Figure 1. Integrator
For minimum offset error due to input bias current
The integrator is shown in Figure 1 and performs the mathematical operation of integration. This circuit is essentially a low-pass filter with a frequency response decreasing at 6 dB per octave. An amplitude-frequency plot is shown in Figure 2.
Figure 2. Integrator Frequency Response
The circuit must be provided with an external method of establishing initial conditions. This is shown in the figure as S1. When S 1 is in position 1, the amplifier is connected in unity-gain and capacitor C1 is discharged, setting an initial condition of zero volts. When S1 is in position 2, the amplifier is connected as an integrator and its output will change in accordance with a constant times the time integral of the input voltage.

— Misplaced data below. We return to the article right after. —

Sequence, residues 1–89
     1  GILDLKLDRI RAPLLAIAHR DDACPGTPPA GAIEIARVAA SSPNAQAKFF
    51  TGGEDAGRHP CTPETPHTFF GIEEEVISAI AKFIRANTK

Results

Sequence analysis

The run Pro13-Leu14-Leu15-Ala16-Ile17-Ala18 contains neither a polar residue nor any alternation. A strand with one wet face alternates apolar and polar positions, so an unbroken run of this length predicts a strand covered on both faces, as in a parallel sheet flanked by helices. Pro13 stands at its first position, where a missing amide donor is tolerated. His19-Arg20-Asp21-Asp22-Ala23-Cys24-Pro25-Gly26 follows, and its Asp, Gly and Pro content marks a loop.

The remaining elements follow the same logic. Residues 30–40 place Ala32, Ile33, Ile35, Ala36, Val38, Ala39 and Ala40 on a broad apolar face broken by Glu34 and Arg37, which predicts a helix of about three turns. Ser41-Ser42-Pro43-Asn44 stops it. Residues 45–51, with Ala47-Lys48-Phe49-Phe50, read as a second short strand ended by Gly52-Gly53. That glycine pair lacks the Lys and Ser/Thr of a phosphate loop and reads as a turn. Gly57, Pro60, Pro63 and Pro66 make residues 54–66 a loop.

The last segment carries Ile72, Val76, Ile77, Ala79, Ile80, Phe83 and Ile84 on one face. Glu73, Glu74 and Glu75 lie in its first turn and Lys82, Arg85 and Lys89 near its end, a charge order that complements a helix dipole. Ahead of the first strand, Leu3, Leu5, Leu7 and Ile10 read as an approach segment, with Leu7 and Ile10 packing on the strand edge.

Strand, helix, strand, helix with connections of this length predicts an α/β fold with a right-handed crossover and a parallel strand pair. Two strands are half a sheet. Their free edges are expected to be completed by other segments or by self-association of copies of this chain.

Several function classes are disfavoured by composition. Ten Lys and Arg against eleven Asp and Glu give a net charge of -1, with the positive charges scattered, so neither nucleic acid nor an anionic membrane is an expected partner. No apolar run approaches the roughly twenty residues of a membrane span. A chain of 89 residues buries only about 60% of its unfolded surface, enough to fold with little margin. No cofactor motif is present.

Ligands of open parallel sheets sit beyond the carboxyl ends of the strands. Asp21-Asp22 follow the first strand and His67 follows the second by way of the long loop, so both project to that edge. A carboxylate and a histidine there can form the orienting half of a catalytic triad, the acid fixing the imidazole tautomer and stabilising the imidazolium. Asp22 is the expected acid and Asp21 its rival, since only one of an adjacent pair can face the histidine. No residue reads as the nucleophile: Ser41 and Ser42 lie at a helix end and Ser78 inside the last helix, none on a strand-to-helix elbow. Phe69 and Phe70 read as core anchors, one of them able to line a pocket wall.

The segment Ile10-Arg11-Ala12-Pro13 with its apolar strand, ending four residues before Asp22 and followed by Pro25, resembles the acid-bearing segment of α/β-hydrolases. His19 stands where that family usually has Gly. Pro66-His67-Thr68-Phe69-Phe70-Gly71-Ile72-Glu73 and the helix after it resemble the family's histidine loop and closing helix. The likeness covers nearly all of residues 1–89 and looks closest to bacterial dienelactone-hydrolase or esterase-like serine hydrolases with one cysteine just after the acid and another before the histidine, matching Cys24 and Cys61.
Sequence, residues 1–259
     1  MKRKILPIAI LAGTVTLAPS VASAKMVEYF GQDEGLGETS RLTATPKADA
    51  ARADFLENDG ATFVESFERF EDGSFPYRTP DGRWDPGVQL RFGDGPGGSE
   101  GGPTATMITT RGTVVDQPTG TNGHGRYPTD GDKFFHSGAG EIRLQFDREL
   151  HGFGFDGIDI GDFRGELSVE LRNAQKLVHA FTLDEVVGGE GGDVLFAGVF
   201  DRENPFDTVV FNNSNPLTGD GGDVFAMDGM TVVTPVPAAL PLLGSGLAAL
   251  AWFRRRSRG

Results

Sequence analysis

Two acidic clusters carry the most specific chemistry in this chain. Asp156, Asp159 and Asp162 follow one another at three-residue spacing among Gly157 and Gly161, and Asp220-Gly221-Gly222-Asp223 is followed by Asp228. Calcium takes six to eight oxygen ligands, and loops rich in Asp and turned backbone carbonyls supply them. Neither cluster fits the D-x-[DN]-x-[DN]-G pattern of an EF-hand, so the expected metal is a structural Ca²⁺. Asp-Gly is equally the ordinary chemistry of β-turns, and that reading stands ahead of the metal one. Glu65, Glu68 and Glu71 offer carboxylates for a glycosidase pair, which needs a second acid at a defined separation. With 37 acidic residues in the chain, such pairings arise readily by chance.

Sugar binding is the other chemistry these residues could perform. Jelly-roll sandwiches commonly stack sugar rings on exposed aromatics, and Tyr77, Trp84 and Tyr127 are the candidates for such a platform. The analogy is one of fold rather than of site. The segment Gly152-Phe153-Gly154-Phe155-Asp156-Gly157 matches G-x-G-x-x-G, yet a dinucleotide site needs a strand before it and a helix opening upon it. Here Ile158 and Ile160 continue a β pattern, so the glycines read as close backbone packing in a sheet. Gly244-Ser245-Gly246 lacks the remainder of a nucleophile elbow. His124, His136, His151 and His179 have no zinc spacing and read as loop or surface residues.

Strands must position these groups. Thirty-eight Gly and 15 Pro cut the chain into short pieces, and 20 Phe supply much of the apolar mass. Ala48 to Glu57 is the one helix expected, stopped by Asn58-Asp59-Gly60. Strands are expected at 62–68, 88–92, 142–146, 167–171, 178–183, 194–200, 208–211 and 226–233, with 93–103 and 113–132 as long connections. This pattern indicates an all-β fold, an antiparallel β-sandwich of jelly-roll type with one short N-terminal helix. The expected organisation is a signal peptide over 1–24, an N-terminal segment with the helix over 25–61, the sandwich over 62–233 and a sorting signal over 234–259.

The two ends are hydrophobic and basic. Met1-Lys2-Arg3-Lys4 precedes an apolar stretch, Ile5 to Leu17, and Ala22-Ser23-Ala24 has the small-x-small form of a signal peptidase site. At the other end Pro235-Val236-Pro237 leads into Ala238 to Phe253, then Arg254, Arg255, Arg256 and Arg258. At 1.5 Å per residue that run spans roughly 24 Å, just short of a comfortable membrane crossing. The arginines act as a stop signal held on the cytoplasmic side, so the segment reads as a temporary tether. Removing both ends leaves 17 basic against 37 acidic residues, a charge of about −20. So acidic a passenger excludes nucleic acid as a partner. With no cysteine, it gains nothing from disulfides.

The cautions to be observed with this circuit are two: the amplifier used should generally be stabilized for unity-gain operation and R2 must equal R1 for minimum error due to bias current.
1404 09 December 2007
Taking the root of a number using log converters is a fairly simple matter. All that is needed is to take the log of a voltage, divide it by, say 1⁄2 for the square root, and then take the antilog.